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Home  »   PDA UnionLatest News   »   PDA responds to employers’ admission that some pharmacy businesses are discussing a locum “blacklist”

PDA responds to employers’ admission that some pharmacy businesses are discussing a locum “blacklist”

The PDA has responded to statements made stating that some pharmacy businesses are talking about “sharing intelligence and collectively blacklisting pharmacists.”

Fri 8th April 2022 The PDA

The PDA believes all parties should honour agreements they enter into, including a pharmacy’s commitment to the NHS that it will open at set times to provide pharmaceutical services to patients and the public. This also includes individual pharmacists who have obligations to work at times and rates they have agreed to.

Corporations or individuals that breach contractual arrangements risk penalties for doing so. However, it is an unusual step for a prominent pharmacist to be leading a call to create a sector “blacklist” for locums regarding disputes over rates.

Rates and self-employed status

The motivation regarding the current talk of creating a blacklist seems intrinsically tied to hourly rates. Although there are occasional and isolated anecdotal reports on social media of alleged incidents of locums seeking higher rates than already agreed, these are far outstripped by reports of pharmacy businesses unwilling to negotiate and who do not want to pay the necessary rate to engage a locum and instead have set capped or fixed rates.

Following locum member feedback that some unrelated pharmacy businesses in the same area all have the same capped maximum locum rate, the PDA is already on record that if there was evidence to support a finding that two or more pharmacy businesses had colluded together to set a maximum rate they will pay locums, the union will report such a situation to the Competition and Markets Authority (CMA) requesting they launch an investigation.

Locum Blacklists and Data protection

A “blacklist” requires creating and maintaining a record containing individuals’ data. The list owner must consider that everyone responsible for using personal data must follow strict rules called ‘data protection principles’. They must make sure the information is:

  • Used fairly, lawfully, and transparently
  • Used for specified, explicit purposes
  • Used in a way that is adequate, relevant, and limited to only what is necessary
  • Accurate and, where necessary, kept up to date
  • Kept for no longer than is necessary
  • Handled in a way that ensures appropriate security, including protection against unlawful or unauthorised processing, access, loss, destruction, or damage.

Data subjects have the right to find out what information organisations store about them. These include the rights to:

  • Be informed about how data is being used
  • Access personal data
  • Have incorrect data updated
  • Have data erased
  • Stop or restrict the processing of their data
  • Object to how their data is processed in certain circumstances.

It is unclear how those businesses having discussions about creating a blacklist believe the above rules and rights would be met. This includes how a locum would be notified of their inclusion on a list and the reasons that justified it.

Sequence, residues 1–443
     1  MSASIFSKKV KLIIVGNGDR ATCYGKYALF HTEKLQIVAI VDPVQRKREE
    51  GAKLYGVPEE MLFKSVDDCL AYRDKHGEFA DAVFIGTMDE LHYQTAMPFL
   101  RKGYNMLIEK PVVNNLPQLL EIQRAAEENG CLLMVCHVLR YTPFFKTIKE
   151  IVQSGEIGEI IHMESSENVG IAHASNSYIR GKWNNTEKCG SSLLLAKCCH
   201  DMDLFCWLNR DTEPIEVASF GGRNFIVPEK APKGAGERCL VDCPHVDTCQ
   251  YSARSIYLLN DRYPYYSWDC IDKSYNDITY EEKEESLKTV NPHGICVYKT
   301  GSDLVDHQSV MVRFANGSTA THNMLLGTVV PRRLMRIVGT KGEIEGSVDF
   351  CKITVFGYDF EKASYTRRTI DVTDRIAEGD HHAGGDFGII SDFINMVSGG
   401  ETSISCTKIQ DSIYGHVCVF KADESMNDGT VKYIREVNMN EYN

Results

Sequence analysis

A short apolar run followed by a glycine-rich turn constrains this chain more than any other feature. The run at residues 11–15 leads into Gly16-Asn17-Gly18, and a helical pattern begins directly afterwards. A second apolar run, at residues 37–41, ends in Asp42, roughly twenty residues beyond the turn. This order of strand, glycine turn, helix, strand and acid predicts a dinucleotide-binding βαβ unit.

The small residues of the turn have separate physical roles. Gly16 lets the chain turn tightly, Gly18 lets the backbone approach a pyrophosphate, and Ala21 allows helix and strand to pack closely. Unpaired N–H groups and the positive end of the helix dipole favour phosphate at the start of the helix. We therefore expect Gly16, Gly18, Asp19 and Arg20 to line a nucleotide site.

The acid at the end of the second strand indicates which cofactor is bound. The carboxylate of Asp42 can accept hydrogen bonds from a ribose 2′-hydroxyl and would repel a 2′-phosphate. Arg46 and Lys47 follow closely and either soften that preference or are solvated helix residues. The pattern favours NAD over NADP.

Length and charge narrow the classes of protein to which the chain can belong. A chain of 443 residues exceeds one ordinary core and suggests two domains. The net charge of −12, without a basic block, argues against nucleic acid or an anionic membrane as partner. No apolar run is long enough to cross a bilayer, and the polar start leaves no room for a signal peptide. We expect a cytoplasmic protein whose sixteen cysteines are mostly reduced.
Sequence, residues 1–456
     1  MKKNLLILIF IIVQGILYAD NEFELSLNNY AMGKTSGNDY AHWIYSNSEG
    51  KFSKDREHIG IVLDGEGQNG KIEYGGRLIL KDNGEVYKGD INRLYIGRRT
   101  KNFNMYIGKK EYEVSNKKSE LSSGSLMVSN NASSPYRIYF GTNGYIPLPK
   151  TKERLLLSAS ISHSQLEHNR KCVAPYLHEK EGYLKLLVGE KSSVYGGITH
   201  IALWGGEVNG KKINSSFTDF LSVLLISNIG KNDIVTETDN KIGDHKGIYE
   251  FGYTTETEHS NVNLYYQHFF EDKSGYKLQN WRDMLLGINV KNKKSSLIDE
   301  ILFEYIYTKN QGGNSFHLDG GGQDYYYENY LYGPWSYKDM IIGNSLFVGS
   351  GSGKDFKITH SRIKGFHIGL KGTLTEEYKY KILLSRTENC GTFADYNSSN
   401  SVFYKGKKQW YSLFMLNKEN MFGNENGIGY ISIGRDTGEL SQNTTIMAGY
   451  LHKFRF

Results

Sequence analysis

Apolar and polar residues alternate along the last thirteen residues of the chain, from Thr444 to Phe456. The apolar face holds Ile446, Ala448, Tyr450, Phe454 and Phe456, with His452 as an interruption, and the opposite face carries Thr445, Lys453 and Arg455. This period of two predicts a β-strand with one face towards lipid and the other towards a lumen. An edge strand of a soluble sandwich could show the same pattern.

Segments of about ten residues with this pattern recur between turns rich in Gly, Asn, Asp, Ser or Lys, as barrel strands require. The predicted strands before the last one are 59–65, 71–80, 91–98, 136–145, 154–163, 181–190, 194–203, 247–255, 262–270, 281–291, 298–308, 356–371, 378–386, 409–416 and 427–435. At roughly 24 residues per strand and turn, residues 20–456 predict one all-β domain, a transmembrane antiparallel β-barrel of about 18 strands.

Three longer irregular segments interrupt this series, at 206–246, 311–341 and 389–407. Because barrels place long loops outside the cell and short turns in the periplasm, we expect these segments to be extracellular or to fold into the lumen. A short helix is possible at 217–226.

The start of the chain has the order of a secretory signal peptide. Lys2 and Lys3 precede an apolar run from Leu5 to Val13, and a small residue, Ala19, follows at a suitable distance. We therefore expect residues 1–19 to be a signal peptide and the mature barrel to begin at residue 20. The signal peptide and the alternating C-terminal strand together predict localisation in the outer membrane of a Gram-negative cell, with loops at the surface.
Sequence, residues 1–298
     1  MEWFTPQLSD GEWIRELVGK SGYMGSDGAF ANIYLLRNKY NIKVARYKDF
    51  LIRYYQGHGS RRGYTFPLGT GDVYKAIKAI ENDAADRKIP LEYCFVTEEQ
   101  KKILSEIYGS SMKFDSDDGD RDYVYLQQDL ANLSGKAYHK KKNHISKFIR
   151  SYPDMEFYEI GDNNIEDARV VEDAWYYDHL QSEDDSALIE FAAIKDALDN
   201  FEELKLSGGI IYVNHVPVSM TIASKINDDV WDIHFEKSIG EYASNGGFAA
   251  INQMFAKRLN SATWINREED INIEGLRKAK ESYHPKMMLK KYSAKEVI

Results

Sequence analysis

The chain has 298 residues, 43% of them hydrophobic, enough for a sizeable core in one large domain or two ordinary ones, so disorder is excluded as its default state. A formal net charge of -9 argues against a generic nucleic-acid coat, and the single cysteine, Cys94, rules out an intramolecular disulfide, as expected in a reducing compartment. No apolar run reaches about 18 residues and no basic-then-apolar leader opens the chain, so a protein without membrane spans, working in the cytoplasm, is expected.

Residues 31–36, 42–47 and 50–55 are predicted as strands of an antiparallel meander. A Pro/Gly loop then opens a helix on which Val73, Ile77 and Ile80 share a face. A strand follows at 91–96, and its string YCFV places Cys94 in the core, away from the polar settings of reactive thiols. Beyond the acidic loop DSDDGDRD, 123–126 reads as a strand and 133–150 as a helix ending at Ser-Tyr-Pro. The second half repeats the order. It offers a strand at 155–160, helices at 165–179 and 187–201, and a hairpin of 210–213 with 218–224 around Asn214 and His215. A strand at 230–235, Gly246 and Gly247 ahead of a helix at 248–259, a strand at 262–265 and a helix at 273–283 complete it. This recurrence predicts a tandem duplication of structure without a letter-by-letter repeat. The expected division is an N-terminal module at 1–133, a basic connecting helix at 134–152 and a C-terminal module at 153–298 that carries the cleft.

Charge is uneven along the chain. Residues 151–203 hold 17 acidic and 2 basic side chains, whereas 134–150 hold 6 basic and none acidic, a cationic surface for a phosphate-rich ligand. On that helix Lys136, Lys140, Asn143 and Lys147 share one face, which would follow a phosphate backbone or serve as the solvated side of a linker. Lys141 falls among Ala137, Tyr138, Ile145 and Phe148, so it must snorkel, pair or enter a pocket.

Trade union blacklisting

Blacklisting is the practice of compiling information on individuals concerning their trade union membership and activities. This particularly affects those who have raised concerns about health & safety or other workplace risks and regulatory violations with a view to that information being used by employers or employment agencies to discriminate in relation to recruitment or treatment.

After wholesale blacklisting was exposed in the construction industry the Employment Relations Act 1999 (Blacklisting) Regulations 2010 were introduced. These regulations penalise the listing of trade union members for the purpose of discrimination against them. This potentially leads to criminal sanctions for employers and agencies who do so. Under the regulations:

  • It is unlawful for anyone to compile, supply, sell or use a ‘prohibited list’
  • It is unlawful for an employer to refuse employment to a job applicant, to dismiss an employee, or to subject an employee to any other detriment for a reason related to a ‘prohibited list’
  • It is unlawful for an employment agency to refuse to provide its services to an individual for a reason related to a ‘prohibited list’.

The PDA has serious concerns about the suggestion that pharmacy businesses would create a “blacklist”, whether it is within the scope of the 2010 regulations or otherwise.

PDA members who are concerned about being blacklisted are advised to contact the PDA service centre.

Learn more


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The Pharmacists' Defence Association is a company limited by guarantee. Registered in England; Company No 4746656.

The Pharmacists' Defence Association is an appointed representative in respect of insurance mediation activities only of
The Pharmacy Insurance Agency Limited which is registered in England and Wales under company number 2591975
and is authorised and regulated by the Financial Conduct Authority (Register No 307063)

The PDA Union is recognised by the Certification Officer as an independent trade union.

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